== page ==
The chance has to be 100%, that's the point otherwise it's easy to solve. Now the only method I know that does this in an optimised and 100% situation is to have no counter, but everyone as a counter, the first person to get enough results to call the warden calls the warden, in the unlikely event that the counter is never chosen, here at least you will be 100% corrrect in your assumption not 99.9999996 but 100% as the question asks. This is the point.

You have to bear in mind in the one counter situation if the counter is never chosen, all prisoners will be dead before the counter can make an assumption.

http://www.cut-the-knot.org/Probability/LightBulbs.shtml
This would work of course, but is it optimal? For instance, this would also work, I think:

Alice counts the times she finds the light on, and ensures that it is always off when she leaves the room. Everyone else turns on the light the first time they find it off, and then never touches it again. This way, between visits of Alice, at most one prisoner will turn on the light, and no prisoner turns it on more than once. Therefore the number of times Alice finds the light on is no more than the number of different prisoners that have entered the room. Each prisoner knows he has been counted once he has turned the light on, since he is the only one who touched the switch since Alice last visited. When Alice counts to n-1, she knows everyone has visited the room.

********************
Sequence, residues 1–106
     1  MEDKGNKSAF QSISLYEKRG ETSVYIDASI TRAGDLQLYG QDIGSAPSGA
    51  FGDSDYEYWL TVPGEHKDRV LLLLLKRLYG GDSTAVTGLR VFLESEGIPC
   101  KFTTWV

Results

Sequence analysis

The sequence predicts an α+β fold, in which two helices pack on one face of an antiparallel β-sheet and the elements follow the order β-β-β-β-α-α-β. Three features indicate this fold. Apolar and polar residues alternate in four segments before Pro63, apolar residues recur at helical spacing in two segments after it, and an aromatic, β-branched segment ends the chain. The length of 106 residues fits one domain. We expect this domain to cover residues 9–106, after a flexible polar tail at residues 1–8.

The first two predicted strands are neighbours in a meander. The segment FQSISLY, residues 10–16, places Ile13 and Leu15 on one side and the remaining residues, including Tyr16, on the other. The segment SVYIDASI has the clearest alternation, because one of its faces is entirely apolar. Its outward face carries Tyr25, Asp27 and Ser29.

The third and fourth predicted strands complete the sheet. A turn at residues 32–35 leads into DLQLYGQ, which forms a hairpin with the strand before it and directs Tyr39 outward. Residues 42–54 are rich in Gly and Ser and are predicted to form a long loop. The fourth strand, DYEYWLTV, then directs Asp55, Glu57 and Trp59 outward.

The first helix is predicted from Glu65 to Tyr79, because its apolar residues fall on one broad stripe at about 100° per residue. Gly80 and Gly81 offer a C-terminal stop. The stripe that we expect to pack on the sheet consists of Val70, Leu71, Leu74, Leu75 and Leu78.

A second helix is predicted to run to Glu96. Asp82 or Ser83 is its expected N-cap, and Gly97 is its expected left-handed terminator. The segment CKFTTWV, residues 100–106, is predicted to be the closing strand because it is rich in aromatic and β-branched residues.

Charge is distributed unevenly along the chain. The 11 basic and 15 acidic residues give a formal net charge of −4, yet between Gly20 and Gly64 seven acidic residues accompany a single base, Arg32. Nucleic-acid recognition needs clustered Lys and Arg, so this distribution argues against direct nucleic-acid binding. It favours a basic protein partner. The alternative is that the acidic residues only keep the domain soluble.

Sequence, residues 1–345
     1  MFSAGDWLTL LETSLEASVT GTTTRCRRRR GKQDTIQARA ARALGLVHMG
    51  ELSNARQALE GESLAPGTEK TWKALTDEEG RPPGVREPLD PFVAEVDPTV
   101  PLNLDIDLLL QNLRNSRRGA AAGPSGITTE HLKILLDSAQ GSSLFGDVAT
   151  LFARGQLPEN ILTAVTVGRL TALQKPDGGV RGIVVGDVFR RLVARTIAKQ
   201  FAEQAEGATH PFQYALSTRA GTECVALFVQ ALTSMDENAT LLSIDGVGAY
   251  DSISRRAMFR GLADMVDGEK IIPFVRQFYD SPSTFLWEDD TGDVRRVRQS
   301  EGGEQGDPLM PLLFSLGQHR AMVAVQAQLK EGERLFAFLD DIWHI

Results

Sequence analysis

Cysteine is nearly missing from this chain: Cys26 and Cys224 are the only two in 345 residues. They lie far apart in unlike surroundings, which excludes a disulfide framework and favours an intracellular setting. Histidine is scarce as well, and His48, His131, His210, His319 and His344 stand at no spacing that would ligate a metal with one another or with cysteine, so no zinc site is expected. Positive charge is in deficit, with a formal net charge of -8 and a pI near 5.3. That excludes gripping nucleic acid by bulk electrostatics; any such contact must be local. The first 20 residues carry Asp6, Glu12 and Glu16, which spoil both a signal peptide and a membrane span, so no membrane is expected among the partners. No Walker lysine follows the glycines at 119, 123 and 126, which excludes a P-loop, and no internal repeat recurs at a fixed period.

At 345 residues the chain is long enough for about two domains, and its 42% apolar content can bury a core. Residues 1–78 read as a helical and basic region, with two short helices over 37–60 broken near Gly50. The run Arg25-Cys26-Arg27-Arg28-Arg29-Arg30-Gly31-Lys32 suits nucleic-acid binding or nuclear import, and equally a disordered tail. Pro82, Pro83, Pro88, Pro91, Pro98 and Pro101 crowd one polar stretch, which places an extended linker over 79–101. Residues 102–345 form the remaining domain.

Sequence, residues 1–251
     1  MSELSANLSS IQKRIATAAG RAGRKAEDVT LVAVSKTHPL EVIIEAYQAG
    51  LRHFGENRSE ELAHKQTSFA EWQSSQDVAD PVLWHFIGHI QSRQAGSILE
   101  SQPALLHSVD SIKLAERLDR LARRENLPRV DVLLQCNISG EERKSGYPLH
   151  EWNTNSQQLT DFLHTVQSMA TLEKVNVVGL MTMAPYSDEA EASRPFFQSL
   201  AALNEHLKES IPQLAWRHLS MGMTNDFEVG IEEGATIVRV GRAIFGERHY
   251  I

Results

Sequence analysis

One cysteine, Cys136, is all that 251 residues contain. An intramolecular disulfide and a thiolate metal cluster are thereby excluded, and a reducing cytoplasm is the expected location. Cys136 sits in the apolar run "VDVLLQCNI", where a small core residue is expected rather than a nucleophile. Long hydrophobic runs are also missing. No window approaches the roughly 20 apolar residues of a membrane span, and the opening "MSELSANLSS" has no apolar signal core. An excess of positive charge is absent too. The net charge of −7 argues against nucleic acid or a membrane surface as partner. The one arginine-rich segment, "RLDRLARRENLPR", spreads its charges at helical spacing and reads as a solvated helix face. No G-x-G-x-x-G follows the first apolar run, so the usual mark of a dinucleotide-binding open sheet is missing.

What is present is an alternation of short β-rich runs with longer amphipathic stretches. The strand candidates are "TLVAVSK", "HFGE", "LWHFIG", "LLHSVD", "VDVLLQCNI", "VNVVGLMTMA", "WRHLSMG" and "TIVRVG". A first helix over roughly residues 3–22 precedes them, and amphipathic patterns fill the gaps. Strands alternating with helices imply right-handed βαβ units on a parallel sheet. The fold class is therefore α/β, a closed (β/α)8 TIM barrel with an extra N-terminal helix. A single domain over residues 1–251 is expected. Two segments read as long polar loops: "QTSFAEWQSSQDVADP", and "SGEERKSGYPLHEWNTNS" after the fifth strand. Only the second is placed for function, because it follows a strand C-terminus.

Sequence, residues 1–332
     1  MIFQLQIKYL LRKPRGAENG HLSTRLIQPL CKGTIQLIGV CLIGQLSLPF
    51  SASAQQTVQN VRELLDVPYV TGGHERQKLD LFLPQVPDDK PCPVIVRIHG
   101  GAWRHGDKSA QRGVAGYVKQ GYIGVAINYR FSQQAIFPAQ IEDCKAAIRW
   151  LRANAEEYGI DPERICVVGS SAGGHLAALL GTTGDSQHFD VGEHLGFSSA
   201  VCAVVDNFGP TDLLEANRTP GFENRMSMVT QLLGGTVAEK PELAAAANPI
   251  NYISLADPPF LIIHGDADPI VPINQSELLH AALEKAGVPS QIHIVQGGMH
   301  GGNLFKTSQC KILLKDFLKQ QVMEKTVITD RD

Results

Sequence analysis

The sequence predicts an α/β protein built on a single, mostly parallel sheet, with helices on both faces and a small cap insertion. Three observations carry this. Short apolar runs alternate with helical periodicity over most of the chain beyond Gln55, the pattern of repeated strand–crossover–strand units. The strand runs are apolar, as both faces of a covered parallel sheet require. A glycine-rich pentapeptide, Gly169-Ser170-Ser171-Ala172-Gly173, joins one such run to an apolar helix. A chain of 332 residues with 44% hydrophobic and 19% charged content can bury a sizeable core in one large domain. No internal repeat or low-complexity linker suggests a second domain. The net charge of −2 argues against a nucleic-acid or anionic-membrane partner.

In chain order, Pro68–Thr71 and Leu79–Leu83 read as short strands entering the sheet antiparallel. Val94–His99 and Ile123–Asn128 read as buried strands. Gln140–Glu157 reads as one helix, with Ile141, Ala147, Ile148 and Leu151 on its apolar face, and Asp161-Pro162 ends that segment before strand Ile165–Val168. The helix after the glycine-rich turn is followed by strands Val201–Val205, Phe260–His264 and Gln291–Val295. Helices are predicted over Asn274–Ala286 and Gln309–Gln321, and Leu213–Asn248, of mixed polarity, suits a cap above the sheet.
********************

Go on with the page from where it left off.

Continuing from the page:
What does optimal mean here? It could only reasonably mean that the prisoners are freed in the shortest time. So what is the expected time they must wait until Alice has counted to n-1? This is a rather elaborate calculation in probability, so the prisoners turn to the actuary (who is in prison for embezzlement) for some answers.

He explains that using Bayes theorem,
P(X|Y)·P(Y) = P(X&Y) = P(Y|X)·P(X)

and the linearity of expected value,
E(X|Y)·P(Y) + E(X|~Y)·P(~Y) = E(X)

you can calculate the expected time in prison like this:

Suppose Alice has just visited the room, and let K be the number of days that pass before her next visit (so she visits again K+1 days from now), let n be the number of prisoners, let c be the number of times she has found the light on so far, and let P(ON) and P(OFF) be the probabilities that she finds the light on or off on her next visit. Then E(K) = n - 1, P(K=k) = 1/n·((n-1)/n)k, P(K = k & OFF) = 1/n·(c/n)k, which are fairly obvious.